Sunday, April 21, 2013

Syntax of Unobtainabol

Unobtainabol doesn't have syntax (I'll explain how that is in a later post) but it's hard to discuss langauge features without giving examples, so I'm going to present here a sort of default syntax for discussing the language.

In many languages, there is some specific syntax for declaring a program (Pascal), or a program has to be declared in functions (C, C++) or a program consists entirely of classes (Java) or of packages (Eiffel). These kinds of restrictions don't really seem to add anything of value, so Unobtainabol opts for the simplicity and flexibility of the Lisp model: a program is just a programming language expression.

Of course this means that things like function, class, or module declarations are expressions. In Unobtainabol, everything is an expression. There are no special syntactic categories for declarations, statements, or other phrases that are not expressions.

The entire purpose of this syntax is to explain the language, so I'm going to use a syntax that is easy to to read and figure out for someone who doesn't know the rules of the language --one inspired by SQL.

 There are two basic forms of expression, clauses and terms. Syntactically clauses are used for things that would be statements in other languages and terms are used for things that would be expressions. But I'm not calling them statements and expressions because everything in Unobtainabol is an expression.

Terms look like expressions in common programming languages:
x := y
 but they can also use keywords as in SQL
x between y and z
x in y
A function call with the traditional parenthesis always evaluates and dereferences all of its arguments and passes them by value. So if the argument is a variable, the value of the variable cannot be changed by the call. Of course if the variable refers to a changeable object, the object may be changed. There are also procedure calls that are syntactically different, using curly brackets:
This kind of call can use any kind of parameter-passing method so the user can't make any assumptions about it without looking at the signature. Unfortunately, this is a novel syntax that breaks the rule about programs being easy to understand for people who don't know the language, but at least the odd syntax will warn them that there is something unusual going on.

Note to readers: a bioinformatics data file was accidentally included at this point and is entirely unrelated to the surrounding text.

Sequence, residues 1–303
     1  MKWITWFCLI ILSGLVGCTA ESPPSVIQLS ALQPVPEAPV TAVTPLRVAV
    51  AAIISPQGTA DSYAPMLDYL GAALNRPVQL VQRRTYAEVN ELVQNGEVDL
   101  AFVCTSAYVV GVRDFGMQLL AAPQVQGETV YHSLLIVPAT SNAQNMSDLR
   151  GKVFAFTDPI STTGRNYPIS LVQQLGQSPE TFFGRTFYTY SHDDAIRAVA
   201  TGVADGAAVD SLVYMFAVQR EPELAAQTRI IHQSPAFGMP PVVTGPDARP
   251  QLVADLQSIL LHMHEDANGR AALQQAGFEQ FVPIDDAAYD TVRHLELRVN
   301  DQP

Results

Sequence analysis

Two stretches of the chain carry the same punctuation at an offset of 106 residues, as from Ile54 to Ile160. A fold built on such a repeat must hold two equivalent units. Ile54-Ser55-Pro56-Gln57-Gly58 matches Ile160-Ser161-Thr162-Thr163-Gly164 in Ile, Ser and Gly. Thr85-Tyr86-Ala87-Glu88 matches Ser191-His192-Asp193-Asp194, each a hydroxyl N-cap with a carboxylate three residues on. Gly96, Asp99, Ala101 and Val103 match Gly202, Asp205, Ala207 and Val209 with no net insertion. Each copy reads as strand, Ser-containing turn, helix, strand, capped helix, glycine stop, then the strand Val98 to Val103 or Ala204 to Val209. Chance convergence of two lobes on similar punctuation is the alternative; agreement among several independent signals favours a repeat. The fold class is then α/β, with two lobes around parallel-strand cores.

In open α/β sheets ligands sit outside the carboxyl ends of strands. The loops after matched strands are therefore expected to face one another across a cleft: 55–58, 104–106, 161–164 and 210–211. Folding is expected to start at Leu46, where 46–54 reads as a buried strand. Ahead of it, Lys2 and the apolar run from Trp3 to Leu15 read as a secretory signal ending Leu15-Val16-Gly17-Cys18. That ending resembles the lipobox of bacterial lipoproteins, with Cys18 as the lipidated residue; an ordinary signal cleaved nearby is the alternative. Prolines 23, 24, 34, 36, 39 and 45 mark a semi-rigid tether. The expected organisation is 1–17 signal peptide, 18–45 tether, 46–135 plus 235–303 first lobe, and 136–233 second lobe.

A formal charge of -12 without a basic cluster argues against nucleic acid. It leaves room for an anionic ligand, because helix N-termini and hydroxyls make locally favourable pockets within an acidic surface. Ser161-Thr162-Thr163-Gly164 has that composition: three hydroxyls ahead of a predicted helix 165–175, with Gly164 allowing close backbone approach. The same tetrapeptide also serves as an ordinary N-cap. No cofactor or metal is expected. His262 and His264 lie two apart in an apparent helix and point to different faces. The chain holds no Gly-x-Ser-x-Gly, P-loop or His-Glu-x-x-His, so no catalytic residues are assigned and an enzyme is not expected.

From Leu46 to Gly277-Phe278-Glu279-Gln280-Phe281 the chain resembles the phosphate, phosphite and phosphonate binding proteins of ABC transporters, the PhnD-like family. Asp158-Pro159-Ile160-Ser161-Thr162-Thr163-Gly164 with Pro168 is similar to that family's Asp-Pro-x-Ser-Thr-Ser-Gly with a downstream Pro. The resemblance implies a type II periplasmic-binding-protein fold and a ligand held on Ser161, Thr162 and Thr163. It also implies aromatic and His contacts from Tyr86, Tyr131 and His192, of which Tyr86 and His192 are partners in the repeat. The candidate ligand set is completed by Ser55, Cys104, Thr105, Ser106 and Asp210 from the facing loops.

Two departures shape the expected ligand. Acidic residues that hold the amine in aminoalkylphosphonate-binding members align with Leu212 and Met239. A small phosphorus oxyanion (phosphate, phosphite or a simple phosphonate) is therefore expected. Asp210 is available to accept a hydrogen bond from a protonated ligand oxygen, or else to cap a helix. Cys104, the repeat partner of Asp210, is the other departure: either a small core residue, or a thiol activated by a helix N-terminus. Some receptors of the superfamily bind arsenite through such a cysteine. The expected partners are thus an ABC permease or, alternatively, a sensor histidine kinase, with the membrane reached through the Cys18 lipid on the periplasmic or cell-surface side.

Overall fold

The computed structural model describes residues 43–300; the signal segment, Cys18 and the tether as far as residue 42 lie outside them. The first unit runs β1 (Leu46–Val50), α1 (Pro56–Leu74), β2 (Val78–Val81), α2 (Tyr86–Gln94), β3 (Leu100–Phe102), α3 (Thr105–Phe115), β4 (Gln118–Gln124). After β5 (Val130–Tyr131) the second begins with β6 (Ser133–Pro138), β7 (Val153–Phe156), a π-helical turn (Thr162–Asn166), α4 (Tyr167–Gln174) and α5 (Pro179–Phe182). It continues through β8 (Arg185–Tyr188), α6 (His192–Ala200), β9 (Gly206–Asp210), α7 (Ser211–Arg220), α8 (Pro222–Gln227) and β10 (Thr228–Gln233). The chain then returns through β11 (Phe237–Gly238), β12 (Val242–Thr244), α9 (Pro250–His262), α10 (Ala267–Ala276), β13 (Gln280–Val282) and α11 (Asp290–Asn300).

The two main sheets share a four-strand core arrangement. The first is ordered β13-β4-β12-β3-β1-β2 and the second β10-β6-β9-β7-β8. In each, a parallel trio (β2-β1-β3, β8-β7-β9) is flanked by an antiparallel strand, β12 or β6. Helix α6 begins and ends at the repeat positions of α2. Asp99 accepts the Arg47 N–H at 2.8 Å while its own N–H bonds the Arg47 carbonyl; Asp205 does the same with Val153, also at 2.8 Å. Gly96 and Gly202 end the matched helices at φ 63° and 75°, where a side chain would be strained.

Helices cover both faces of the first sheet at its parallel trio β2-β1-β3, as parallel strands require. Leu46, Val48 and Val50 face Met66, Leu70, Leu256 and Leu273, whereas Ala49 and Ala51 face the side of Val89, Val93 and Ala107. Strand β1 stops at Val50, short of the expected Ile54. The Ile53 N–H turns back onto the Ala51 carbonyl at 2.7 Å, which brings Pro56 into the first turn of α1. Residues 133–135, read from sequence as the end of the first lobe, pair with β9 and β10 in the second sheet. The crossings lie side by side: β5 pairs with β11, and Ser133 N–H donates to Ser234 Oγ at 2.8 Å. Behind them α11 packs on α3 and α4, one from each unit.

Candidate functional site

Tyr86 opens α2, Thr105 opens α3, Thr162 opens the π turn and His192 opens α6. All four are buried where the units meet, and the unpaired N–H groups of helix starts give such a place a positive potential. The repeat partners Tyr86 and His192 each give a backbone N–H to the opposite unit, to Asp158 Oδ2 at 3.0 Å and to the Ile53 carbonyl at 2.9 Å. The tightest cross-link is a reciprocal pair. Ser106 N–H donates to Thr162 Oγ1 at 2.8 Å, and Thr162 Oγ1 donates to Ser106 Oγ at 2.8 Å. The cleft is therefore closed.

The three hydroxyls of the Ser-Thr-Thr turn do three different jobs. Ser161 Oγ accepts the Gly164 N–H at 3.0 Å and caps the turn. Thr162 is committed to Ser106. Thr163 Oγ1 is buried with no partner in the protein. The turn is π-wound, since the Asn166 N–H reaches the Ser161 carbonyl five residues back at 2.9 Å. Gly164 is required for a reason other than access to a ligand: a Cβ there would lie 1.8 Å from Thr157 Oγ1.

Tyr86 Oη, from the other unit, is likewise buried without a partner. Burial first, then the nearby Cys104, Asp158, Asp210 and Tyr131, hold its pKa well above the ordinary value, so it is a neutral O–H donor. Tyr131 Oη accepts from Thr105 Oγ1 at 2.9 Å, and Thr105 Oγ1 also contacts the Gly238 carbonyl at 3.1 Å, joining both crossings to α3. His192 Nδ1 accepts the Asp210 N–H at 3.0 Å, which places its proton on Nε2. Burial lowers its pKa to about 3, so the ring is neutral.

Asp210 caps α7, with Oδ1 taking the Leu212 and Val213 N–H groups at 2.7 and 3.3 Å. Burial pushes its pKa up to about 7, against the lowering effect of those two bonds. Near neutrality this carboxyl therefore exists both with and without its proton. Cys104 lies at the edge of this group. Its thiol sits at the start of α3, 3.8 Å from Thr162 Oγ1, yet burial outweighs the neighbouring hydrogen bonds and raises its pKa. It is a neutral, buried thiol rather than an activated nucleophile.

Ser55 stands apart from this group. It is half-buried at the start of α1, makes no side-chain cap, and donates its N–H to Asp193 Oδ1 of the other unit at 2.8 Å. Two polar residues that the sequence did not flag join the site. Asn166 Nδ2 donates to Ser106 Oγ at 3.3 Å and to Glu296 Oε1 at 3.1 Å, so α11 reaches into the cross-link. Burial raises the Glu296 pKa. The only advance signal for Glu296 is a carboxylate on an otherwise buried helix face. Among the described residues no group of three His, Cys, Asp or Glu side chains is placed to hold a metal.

A term can be made into a clause by putting a semi-colon after it:
x := y;
This becomes important because there are constructs that allow a list of clauses and in such a list, you need a syntactic way to tell when a term ends. The other clauses all look like statements do in languages that fully brackets with keywords

if x < y then
  y := f(x);
  x := x+1;
elif y < x then
  x := f(y);
  y := x+1;
do while x < y;
  x := 2*x;
do for var i := 1 to 10;
  y := y+i;
Declarations are usually terms that begin with a keyword. Since they are terms and they usually appear in a list of clauses, they are almost always followed by a semi-colon:
do while x < y;
  var i:integer;
  i := 2*x;
  x := i;od
The type name is not a keyword. Types are first-class objects in Unobtainabol and a type name is  just a name that happens to be bound to a type.

Because Unotbainabol has high dynamicness, variables do not have to be statically typed. Type declarations are optional, but the declaration of the name is required. Every name has to have a declaration that shows what its scope and lifetime is. Also, declarations can have initialization, so the above example could be rewritten as
do while x < y;
  var i;
  i  := 2*x;
  x := i;
do while x < y;
  var i := 2*x;
  x := i;
The loop is a highly flexible structure in Unobtainabol. Other examples are
  var z := f(x,y);
  for var i := 1 to z;
  var i := x+y;
  x := y-1;
  while x > y;

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